Each box will have items such as fresh meat, turkey slices, bread, rice, beans, pasta, fruit, soup, snacks, peanut butter and jelly. The boxes will soon include hand sanitizer, hygiene products and baby care items, according to the group.

What started as a plan to create a possible 150 boxes of food quickly grew to a goal of 400 boxes. The need grew after the group reached out to a multitude of area businesses to ask how many boxes they would need for their staff. Hendley said roughly 320 vouchers will be given to people to receive food boxes.

To inquire about receiving food from Care Box, service workers should contact their employer to connect with the group’s organizers. Pickup for the boxes will be every Thursday and Friday from 1 to 6 p.m.

“Boxes are first come, first serve while supplies last, but we will be doing our best to make sure everyone is fed,” the group stated.

Word quickly spread about Care Box, and Hendley said some community members have already donated money to the project by visiting give.winetowater.org/boxprogram. Money for the project goes to Wine to Water, which gives 100 percent of the proceeds to the project, Hendley said.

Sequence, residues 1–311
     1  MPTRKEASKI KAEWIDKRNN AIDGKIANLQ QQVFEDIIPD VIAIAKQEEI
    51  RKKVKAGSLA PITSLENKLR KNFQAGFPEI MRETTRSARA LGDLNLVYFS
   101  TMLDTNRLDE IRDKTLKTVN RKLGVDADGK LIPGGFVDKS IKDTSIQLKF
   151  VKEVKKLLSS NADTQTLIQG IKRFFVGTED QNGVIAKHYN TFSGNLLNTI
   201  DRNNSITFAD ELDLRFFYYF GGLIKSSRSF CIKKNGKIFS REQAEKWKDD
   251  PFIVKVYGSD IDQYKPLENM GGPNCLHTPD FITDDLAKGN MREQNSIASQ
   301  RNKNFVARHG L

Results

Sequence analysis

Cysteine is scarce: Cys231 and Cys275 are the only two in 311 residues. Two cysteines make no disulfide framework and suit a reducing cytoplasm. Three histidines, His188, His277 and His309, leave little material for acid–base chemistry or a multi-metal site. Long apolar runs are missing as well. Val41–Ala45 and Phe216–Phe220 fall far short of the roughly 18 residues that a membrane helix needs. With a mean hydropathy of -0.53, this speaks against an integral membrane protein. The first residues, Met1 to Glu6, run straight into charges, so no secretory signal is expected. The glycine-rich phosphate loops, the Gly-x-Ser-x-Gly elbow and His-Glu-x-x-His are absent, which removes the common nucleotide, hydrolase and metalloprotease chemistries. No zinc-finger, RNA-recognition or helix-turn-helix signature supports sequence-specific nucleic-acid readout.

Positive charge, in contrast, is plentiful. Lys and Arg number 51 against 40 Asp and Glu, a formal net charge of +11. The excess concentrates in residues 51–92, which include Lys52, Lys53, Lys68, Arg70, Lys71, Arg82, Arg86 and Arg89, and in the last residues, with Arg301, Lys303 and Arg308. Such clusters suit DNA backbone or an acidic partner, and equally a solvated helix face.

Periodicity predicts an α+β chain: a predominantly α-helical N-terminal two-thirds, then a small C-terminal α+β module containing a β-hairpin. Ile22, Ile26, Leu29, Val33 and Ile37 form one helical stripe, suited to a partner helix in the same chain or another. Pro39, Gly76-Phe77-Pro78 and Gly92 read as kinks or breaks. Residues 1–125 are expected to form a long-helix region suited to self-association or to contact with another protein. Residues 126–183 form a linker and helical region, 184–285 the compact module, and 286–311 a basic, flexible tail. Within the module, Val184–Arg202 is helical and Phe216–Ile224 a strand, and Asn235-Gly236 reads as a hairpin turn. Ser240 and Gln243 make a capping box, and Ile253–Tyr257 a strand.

Volunteers have also started to just show up at Ransom to join an assembly line to pack boxes, he added. Volunteers who are willing and healthy are welcome, the group stated. For more information about Care Box, contact care.box40@gmail.com.

“Just to see the community band together, the restaurant owners and managers looking out for their teams, the volunteers showing up and people giving their hard-earned money to donate to this cause — it’s insane,” Hendley said. “It’s exciting, but more than that it’s incredibly humbling knowing that we live in a community that genuinely cares about everybody.”

Hendley said he has also been in contact with Travis Reyes — a service worker at The Cardinal in Boone. Reyes has been instrumental in the creation of a local service workers coalition. The coalition has posted several resources to aid service workers on Instagram, and can be found by following @booneserviceworkerscoalition.

Virtual Tip Jar